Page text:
I want to thank all of those that attended the presentation Beate Chelete and I did today at the biggest annual event for the stock photography industry,; CEPIC that is taking place in Dublin this week. The full day of seminars and panels was very well attended by an engaged audience. I’ll post some of the main points from our presentation over the coming days. For now I’d like to invite you to ask questions and make comments here. I talked about many of the great tools that are out there to help businesses and I’d be happy to give a few company names, URL’s etc. For visitors of the event I’ll be around all week and will spend time at the Photoshot stand, who I work with on the distribution network and expansion of international direct sales.
As a startingpoint for a debate on solutions let’s go back to basics and look at where we are in the Kubler-Ross ‘stages of grief” process in dealing with changes in the industry. Perhaps the f0llowing definitions may help to move through stages quickly and look at the huge opportunities that are out there.
Denial – “I feel fine.”; “This can’t be happening, not to me.”
Denial is usually only a temporary defense for the individual. This feeling is generally replaced with heightened awareness of situations and individuals that will be left behind after death.
Anger – “Why me? It’s not fair!”; “How can this happen to me?”; “Who is to blame?”
Once in the second stage, the individual recognizes that denial cannot continue. Because of anger, the person is very difficult to care for due to misplaced feelings of rage and envy. Any individual that symbolizes life or energy is subject to projected resentment and jealousy.
Bargaining – “Just let me live to see my children graduate.”; “I’ll do anything for a few more years.”; “I will give my life savings if…”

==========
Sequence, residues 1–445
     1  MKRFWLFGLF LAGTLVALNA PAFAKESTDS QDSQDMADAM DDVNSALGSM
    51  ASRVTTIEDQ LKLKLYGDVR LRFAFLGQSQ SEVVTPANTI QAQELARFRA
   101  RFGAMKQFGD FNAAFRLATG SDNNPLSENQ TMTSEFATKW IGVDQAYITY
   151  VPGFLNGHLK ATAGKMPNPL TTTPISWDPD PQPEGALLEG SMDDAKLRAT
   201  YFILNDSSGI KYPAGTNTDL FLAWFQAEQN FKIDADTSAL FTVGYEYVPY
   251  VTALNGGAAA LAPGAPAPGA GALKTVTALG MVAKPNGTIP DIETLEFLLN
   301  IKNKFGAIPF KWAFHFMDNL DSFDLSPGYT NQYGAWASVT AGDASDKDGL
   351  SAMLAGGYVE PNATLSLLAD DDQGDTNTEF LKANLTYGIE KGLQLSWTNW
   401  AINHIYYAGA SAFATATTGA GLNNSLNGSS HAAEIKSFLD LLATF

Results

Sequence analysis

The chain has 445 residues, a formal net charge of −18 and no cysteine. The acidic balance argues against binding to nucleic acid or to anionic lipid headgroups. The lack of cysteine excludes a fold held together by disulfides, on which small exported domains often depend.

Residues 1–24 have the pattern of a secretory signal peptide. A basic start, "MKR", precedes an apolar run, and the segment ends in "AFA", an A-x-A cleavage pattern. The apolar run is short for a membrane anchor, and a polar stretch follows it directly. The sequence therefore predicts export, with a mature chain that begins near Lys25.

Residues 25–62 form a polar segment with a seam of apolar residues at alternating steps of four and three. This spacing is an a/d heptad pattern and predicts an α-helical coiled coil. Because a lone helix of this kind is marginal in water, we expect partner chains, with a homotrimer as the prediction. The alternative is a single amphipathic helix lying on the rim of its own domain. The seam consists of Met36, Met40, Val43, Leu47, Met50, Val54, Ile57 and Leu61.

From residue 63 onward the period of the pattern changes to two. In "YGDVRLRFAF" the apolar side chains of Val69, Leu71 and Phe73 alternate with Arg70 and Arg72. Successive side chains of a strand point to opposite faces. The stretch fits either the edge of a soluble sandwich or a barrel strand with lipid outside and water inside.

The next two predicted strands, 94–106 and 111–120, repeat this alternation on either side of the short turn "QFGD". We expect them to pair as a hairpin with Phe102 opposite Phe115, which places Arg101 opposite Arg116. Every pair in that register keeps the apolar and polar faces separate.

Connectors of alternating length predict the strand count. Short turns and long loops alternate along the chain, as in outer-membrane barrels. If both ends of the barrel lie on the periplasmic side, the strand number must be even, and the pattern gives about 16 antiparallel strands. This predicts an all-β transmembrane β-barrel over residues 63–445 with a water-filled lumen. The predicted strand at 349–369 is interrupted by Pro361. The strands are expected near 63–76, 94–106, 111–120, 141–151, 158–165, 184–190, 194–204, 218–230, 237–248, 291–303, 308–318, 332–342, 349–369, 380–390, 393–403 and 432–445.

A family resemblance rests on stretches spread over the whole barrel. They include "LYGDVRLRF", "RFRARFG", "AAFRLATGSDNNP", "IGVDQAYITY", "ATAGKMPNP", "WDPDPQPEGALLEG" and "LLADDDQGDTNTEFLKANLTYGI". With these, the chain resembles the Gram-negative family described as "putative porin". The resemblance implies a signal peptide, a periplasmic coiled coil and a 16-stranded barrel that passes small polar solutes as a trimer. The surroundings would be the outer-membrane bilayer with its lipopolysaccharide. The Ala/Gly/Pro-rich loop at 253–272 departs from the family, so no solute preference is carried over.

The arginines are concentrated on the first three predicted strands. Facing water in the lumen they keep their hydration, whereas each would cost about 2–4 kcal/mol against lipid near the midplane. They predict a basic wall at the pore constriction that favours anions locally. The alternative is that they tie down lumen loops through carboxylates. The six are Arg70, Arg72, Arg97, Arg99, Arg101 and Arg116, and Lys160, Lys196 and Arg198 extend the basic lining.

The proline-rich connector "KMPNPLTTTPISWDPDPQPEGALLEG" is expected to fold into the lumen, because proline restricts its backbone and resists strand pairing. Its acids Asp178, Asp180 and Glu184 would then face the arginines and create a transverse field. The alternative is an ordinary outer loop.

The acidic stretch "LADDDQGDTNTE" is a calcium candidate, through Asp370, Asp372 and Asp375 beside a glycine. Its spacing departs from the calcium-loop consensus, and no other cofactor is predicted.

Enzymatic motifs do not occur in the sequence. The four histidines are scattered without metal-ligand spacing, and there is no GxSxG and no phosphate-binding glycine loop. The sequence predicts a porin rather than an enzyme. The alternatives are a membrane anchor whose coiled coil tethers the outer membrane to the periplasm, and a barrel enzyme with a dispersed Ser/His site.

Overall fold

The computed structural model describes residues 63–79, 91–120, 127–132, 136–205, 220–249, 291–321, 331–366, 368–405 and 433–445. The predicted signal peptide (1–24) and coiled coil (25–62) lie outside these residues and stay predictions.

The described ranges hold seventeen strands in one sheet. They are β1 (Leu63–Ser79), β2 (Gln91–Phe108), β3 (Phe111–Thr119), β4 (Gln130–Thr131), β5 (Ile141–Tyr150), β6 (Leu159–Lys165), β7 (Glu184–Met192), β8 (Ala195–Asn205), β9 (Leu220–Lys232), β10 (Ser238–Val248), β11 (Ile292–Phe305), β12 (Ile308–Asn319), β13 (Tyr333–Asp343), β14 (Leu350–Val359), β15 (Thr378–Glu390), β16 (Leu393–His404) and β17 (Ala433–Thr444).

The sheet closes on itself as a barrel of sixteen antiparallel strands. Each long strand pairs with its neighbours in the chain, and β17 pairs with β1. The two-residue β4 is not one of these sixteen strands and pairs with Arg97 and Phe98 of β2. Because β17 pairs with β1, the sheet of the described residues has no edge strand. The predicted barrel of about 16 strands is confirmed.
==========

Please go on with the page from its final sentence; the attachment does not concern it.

The third stage involves the hope that the individual can somehow postpone or delay death. Usually, the negotiation for an extended life is made with a higher power in exchange for a reformed lifestyle. Psychologically, the individual is saying, “I understand I will die, but if I could just have more time…”
Depression – “I’m so sad, why bother with anything?”; “I’m going to die… What’s the point?”; “I miss my loved one, why go on?”
During the fourth stage, the dying person begins to understand the certainty of death. Because of this, the individual may become silent, refuse visitors and spend much of the time crying and grieving. This process allows the dying person to disconnect oneself from things of love and affection. It is not recommended to attempt to cheer up an individual who is in this stage. It is an important time for grieving that must be processed.
Acceptance – “It’s going to be okay.”; “I can’t fight it, I may as well prepare for it.”
In this last stage, the individual begins to come to terms with their mortality or that of their loved one